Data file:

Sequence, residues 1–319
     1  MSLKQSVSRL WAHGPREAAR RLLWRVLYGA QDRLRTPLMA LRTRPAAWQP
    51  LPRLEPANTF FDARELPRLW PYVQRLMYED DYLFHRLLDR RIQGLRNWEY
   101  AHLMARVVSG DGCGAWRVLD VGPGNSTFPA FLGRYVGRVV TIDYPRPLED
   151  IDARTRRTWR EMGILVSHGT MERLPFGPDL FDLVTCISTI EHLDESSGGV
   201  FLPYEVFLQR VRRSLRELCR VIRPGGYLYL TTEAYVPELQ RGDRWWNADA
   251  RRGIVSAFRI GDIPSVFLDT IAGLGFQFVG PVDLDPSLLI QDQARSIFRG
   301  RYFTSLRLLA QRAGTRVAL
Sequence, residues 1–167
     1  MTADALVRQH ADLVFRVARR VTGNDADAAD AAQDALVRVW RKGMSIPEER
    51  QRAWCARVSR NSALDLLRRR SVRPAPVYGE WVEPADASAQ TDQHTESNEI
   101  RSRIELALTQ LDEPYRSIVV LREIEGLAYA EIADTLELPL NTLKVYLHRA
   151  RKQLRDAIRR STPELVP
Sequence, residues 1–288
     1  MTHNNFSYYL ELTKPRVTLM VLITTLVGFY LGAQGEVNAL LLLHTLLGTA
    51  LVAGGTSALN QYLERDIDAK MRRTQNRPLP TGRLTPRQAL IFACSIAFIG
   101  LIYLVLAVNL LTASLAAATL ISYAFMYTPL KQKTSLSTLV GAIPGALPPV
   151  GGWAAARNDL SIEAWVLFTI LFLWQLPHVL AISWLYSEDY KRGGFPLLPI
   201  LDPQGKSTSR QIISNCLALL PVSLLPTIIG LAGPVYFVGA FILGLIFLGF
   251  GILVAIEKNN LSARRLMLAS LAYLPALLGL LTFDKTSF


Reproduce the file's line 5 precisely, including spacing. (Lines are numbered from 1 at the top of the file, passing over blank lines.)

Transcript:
   151  IDARTRRTWR EMGILVSHGT MERLPFGPDL FDLVTCISTI EHLDESSGGV